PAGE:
- Community development to support the creation and implementation of suicide prevention programs
- Improved access to services for suicidal people and their loved ones, and improved service delivery efforts through the development of guidelines and linkages
- Media education to improve reporting and portrayals of suicide in the media
- Training for caregivers to improve recognition of at-risk behavior and delivery of effective treatments
- Incorporation of licensing standards for professional caregivers
- Development and promotion of effective clinical and professional practices
- Means restriction initiatives to reduce access to lethal means and methods of self-harm
- Research and evaluation to promote and support research, improve surveillance systems, and evaluate the effectiveness of new or existing suicide prevention interventions
How Can We Stop Suicide In India?
Suicide prevention and intervention efforts in India are currently in the growing stage. According to the World Health Organization (WHO), suicide in India is a serious public health issue but it can be prevented with timely interventions that are based on evidence. Suicide prevention is also one of the United Nations Sustainable Development Goals wherein they have asked member countries to work towards reducing global suicide rates by one-third by the year 2030. A few notable steps taken by the Government of India include the decriminalization of suicide in the Mental HealthCare Act of 2017 and the launching of India’s first mental health toll-free helpline KIRAN (1800-599-0019). Psychiatrist Dr. Satyakant Trivedi from Bhopal, Madhya Pradesh had launched a social media campaign demanding a national policy on suicide prevention. However, India is yet to formulate its national strategy.
Here are a few initiatives by the government of India to prevent suicides –
1) Decriminalization of suicide act – The Mental Health Care Act 2017 negated laws of Section 109 of the Indian Penal Code and stated that attempting suicide is not a crime. The person who is committing suicide is believed to be under a lot of stress and does not warrant punishment. Furthermore, the act announces provisions such as access to free healthcare and rehabilitation for people who attempt suicide.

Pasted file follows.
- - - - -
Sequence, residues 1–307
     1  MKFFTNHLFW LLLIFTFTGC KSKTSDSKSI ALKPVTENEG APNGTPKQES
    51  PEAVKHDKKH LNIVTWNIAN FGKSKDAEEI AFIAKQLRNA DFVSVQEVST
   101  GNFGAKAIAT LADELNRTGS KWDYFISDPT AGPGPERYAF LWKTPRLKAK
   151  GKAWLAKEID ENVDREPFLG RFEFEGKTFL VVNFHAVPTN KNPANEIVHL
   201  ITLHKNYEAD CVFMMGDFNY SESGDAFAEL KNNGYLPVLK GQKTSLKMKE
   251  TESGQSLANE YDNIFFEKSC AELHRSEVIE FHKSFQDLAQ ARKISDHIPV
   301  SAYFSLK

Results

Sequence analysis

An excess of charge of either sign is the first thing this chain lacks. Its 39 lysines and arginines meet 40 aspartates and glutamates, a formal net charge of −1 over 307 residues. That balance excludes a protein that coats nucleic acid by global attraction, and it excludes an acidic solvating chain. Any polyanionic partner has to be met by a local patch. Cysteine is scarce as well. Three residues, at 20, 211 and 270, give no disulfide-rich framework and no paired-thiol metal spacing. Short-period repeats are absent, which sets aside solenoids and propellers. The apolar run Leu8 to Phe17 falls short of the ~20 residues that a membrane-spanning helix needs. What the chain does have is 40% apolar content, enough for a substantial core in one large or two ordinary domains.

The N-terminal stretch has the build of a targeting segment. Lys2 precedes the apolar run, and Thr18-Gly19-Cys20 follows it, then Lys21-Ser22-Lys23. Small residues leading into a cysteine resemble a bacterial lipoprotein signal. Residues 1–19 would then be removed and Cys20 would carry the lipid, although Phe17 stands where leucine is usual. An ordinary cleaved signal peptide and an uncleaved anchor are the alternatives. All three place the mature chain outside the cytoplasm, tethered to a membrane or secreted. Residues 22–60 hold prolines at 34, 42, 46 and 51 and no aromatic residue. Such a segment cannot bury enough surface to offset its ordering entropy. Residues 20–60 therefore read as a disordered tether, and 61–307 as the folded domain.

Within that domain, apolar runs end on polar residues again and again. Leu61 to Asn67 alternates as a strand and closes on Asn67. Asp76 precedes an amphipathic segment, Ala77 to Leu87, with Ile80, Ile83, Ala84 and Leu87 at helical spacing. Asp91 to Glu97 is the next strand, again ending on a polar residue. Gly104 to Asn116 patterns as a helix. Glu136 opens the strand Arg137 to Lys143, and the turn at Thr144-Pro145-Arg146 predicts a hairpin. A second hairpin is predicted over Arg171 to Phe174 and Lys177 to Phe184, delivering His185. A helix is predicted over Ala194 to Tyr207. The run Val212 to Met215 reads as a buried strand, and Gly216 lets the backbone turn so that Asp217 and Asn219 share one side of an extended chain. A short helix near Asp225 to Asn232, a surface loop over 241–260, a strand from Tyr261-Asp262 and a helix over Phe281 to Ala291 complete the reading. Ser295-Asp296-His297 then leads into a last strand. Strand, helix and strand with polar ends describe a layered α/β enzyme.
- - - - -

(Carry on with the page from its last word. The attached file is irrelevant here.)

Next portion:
2) KIRAN helpline – KIRAN is a toll-free 24*7 mental health helpline launched in September 2020 to help individuals who need mental health support. Here, calls can be made in 13 local languages.
3) Suicide prevention policy – The government of Madhya Pradesh has started working to formulate India’s first suicide prevention policy.
4) Community programs – Centre for Mental Health Law and Policy (CMHLP) works to implement evidence-backed suicide prevention interventions in rural India through their Suicide Prevention and Implementation Research Initiative (SPIRIT). Interventions include training youth and making them aware of mental health, safely storing pesticides, and training community people to identify and support at-risk individuals. In collaboration with Sangath, Quicksand Design Studio, and the Centre for Mental Health Law and Policy (CMHLP) are leading a program called iOutlive! where suicides among young people in Urban India belonging to marginalized and deprived identities will be addressed. Interventions include resource sharing, campaigns, and chat-based peer support service
5) Gatekeeper training – Suicide Prevention India Foundation (SPIF) has collaborated with the QPR institute to offer gatekeeping training in India. This training aims to equip members of the public with basic knowledge about the signs of suicide and first aid skills so that they can identify and support a person undergoing a suicide crisis. SPIF is also working to create a community of gatekeepers in India so that help is more accessible to those who need it.
6) National Alliance for suicide prevention – Mariwala Health Initiative has announced a National Alliance to bring together individuals from multiple sectors including research and policy to work towards a common goal of suicide prevention. They aim to support community-based interventions and prioritize the lived experiences of individuals. They’ve also published a report titled ‘Suicide Prevention: Changing the Narrative’ where the Indian scenario is summarised.
7) Centralized pesticide storage facility – Vijayakumar and colleagues (supported by the Sneha Suicide Prevention Centre in India and WHO) constructed two centralized storage facilities in two villages in Tamil Nadu to reduce pesticide-related suicides. Farmers could store their pesticides in storage boxes (similar to a bank locker) and they could access their pesticide-storage boxes with the key to their locker. There was a significant reduction in pesticide suicides in the villages where this facility was constructed compared to other villages in Tamil Nadu. Few state governments in India like Madhya Pradesh have started thinking about the concept of pesticide banks.
The Government is taking immense efforts to reduce the number of suicides in India. Prevention is possible while taking such steps.
Suicides are preventable. Much can be done to prevent suicide at the individual, community, and national levels. One thing to remember is that do not to ignore early warning signs.
If you are someone who is suffering from suicidal thoughts or have attempted suicide in the past or if you know anyone who might need help, we are here to help you. We, at WAITT, provide the best counseling services for suicide. Our helpline also works on 2 principles – giving people a safe space to talk without feeling shy or embarrassed and providing empathetic and non-judgemental listening. Our helpline Sakal Sobat Boluya is a mental health helpline that works 24*7 days for suicide prevention. Suicide is one of the major areas for which the helpline works. It is a free helpline, which you can reach at any time of the day and the counselor will guide you in your crisis. The hotline number is 020 71171669. The hotline is designed for you. So, you can reach out to us anytime when you need help because we are here for you!